If you’re interested in joining my lab at UTSA, please read the following information.
We combine field, laboratory, and computational approaches to study questions about evolution, ecology, behavior, and health in nonhuman primates. We are particularly interested in understanding how social and environmental experiences across the life course relate to individual differences in behavior, health, survival, and fertility. The majority of this work focuses on wild populations of primates in Sector Santa Rosa, Costa Rica, but we work with other study systems as well.
Potential trainees who are interested in joining my research group at UTSA should have research interests that align well with these topics.
At UTSA’s Department of Anthropology, we offer the following graduate degrees:
- Thesis-based M.A. in Anthropology: A thesis-based M.A. is a great option for applicants who are considering careers related to Biological Anthropology, including academic careers, but they are not yet sure about about their research interests or perhaps lack prior research experience. An M.A. thesis typically involves short stints of field or lab research on one or two straightforward research questions that can be addressed in a relatively short period of time. It is therefore a much smaller commitment than a Ph.D.
- Coursework-based M.A. in Anthropology: Although the information on the department website is outdated and does not describe this option, we also offer coursework-based M.A. degrees. This option may be particularly good for students who want to go into non-academic careers related to biological anthropology, including (but not limited to) zoological work, NGOs, captive primate care, research labs, and a wide range of industry jobs for which an M.A. degree may be an important asset.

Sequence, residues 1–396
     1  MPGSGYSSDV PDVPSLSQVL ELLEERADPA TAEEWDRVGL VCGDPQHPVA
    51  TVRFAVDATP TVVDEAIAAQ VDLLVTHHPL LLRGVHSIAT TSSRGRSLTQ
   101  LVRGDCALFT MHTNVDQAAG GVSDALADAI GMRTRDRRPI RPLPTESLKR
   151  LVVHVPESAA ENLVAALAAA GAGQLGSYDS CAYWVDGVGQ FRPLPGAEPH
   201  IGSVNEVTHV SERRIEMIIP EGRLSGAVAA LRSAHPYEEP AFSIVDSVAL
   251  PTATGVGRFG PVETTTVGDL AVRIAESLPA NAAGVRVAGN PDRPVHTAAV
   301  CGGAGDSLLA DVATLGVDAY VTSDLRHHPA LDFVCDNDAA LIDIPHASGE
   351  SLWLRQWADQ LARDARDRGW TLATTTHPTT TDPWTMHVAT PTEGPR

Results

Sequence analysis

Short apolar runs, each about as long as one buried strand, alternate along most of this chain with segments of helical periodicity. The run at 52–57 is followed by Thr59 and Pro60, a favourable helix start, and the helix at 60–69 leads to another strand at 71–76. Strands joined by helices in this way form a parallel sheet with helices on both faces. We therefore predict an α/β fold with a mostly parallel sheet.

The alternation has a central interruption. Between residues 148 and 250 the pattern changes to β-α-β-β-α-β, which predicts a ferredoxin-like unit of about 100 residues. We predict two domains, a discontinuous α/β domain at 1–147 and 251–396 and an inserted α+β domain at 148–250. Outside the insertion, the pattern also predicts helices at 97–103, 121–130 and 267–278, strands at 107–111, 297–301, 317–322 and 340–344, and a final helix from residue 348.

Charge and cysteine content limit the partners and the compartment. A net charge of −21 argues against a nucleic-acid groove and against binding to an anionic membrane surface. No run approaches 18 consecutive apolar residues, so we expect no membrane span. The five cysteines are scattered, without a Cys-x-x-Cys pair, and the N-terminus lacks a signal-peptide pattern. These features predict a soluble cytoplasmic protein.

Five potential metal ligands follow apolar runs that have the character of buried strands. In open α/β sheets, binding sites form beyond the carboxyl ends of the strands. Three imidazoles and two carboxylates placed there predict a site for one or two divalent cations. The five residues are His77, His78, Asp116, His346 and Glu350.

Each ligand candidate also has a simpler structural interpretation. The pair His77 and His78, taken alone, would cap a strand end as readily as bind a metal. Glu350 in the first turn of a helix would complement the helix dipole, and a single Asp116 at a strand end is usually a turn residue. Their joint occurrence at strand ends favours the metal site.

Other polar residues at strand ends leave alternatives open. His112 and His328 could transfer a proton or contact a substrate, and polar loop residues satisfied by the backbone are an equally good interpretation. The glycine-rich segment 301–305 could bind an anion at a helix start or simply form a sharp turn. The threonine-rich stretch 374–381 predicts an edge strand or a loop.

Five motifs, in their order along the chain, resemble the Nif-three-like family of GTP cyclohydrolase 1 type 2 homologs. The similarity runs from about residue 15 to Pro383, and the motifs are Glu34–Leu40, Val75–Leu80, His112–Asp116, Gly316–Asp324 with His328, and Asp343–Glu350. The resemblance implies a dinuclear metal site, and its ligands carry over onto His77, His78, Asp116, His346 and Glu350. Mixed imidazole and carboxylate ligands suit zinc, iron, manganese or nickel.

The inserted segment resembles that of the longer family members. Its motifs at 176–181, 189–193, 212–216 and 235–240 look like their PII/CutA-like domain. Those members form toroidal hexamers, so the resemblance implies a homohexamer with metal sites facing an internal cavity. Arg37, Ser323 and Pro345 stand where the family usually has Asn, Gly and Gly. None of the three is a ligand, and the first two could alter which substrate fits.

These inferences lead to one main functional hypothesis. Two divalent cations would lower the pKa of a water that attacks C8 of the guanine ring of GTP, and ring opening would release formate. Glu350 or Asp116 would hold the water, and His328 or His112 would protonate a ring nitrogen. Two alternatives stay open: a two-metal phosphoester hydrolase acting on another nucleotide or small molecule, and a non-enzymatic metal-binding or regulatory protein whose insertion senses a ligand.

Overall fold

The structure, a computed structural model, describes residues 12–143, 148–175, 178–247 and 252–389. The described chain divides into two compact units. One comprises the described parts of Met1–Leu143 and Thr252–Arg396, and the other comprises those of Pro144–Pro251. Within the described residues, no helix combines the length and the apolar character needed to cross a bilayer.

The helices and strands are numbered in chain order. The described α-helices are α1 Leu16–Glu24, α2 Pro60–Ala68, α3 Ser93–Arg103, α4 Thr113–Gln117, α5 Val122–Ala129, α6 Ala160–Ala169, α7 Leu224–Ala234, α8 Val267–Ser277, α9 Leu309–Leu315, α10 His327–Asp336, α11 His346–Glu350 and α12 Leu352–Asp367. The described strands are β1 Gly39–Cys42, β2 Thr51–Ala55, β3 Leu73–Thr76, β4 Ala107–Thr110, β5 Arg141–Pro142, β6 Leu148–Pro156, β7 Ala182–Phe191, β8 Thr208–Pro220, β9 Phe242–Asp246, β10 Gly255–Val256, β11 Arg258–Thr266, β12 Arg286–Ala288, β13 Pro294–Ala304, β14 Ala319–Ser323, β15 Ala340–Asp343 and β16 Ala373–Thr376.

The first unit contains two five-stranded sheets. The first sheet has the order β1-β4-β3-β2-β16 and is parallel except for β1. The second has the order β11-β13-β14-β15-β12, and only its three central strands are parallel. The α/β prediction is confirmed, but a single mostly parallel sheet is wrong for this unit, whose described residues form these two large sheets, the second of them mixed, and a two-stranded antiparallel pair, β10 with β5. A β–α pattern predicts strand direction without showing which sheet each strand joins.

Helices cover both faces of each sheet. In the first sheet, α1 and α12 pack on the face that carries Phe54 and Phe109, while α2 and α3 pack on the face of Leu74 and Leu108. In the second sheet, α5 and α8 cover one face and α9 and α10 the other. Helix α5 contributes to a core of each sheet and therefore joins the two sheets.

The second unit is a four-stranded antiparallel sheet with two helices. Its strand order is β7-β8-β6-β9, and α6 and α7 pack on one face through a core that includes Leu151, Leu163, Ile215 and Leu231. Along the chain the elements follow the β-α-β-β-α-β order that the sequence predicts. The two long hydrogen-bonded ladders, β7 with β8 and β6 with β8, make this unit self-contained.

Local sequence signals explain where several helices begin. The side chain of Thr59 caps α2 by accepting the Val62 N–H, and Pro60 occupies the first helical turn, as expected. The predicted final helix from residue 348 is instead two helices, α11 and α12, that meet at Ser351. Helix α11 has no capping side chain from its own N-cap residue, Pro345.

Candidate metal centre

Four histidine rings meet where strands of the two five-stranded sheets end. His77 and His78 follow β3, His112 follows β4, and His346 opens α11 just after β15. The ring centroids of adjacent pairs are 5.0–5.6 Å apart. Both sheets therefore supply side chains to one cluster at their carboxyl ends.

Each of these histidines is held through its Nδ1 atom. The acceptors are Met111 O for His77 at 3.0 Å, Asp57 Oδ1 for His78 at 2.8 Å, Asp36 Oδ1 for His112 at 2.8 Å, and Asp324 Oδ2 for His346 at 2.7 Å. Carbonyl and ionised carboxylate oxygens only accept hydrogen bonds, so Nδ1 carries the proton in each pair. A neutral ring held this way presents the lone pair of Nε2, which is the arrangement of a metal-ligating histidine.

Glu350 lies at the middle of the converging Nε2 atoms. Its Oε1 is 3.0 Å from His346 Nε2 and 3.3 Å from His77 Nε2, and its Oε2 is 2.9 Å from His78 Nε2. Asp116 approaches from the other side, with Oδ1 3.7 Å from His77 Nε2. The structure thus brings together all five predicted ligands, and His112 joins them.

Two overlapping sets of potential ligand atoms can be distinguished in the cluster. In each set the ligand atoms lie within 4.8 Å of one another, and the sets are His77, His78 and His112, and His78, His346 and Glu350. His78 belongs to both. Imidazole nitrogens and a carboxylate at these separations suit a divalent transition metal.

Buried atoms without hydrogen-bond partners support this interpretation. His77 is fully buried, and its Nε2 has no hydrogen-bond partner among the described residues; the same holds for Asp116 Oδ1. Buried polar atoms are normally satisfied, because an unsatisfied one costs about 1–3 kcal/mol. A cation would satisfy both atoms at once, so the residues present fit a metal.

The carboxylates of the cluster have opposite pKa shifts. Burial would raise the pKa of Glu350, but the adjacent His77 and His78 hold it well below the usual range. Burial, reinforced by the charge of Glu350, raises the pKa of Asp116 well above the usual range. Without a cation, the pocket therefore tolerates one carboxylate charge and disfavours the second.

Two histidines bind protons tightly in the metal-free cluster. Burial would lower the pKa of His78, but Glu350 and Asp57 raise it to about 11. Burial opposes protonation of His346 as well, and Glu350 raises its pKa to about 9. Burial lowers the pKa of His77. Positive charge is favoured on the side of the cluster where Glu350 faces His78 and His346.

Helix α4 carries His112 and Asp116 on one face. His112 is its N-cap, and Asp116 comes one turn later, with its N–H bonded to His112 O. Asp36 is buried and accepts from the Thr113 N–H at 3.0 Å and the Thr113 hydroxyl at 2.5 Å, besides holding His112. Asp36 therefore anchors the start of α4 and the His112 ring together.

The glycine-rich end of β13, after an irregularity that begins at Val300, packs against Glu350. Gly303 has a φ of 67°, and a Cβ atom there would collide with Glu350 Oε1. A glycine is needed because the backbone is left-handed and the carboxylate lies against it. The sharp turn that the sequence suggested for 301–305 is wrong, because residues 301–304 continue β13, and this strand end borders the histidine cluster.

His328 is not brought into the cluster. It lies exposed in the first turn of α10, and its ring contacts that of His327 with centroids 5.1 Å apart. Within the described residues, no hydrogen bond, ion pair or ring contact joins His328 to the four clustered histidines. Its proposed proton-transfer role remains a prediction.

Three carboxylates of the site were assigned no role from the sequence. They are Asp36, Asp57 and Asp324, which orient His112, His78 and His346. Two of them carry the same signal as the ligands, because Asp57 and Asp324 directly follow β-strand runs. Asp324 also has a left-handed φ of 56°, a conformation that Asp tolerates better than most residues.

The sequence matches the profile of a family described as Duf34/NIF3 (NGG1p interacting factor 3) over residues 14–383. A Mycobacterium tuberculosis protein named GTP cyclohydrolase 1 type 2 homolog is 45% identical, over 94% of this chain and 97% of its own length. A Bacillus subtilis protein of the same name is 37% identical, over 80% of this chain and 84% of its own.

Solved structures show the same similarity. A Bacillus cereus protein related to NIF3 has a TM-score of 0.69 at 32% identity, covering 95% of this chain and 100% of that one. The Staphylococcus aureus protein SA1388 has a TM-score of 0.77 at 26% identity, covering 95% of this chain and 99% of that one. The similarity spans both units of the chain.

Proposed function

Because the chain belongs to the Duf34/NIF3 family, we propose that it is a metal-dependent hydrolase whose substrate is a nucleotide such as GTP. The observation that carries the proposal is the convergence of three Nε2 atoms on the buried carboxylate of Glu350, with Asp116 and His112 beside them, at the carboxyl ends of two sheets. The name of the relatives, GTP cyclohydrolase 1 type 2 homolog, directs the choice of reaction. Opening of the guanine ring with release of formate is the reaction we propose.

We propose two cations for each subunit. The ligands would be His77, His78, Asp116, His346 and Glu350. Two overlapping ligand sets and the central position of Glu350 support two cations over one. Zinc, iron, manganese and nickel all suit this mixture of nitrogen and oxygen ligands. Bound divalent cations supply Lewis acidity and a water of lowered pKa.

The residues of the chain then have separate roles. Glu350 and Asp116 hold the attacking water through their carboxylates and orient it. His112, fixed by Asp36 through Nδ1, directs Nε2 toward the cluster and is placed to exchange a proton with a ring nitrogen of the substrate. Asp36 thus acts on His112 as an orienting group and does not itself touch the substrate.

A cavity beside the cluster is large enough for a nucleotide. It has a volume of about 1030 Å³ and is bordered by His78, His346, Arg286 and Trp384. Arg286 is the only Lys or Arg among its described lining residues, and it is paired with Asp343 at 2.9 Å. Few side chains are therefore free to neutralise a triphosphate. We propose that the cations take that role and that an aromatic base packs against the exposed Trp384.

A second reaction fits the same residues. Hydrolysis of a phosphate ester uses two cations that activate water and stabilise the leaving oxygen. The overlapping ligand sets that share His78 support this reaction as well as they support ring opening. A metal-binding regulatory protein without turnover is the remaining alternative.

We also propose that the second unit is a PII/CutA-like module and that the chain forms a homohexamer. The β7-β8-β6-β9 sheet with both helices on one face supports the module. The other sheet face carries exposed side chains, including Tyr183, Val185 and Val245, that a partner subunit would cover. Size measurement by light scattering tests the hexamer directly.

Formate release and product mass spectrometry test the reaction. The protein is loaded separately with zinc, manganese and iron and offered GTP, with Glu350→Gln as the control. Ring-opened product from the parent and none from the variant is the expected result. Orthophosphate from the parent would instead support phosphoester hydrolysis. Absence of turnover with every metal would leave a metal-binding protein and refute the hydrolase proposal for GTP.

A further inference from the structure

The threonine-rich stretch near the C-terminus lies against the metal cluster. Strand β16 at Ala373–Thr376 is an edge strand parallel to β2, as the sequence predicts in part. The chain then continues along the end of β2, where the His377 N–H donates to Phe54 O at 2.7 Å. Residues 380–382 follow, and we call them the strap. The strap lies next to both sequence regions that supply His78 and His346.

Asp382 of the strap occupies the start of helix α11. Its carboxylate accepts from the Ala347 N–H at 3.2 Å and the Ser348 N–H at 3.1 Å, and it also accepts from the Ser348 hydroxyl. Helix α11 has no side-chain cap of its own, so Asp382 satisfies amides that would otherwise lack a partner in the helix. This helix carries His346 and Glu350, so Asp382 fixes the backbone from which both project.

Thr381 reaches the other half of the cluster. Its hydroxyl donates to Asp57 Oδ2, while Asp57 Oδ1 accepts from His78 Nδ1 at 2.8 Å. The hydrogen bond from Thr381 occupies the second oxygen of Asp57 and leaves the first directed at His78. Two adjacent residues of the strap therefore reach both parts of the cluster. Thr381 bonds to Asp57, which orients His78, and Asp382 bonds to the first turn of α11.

- Ph.D in Anthropology: A Ph.D dissertation project should aim to expand our current knowledge by addressing new or unresolved questions that are of broad significance. Accordingly, I am most interested in supervising Ph.D students who will formulate and address new and exciting research questions, including those that use new approaches, methods, or theoretical ideas. I will be happy to work with you to develop such questions. Generally, I expect incoming Ph.D students to have some research experience, and ideally, they should have a strong background in quantitative methods. An M.A. degree is not required to apply to the Ph.D program but would be an advantage.
I do not currently have postdoctoral positions to offer, but if you’re interested in doing postdoctoral research in my lab, please do get in touch with me. There may be opportunities in the near future, and we can discuss possible external sources of funding, including Postdoctoral Research Fellowships through the
National Science Foundation or the
National Institutes of Health.
If you’d like to apply to join my lab, please send me an email that includes:
- Your research interests
- A description of previous research experiences and qualifications
- Why you’re interested in working with my lab
- Your current CV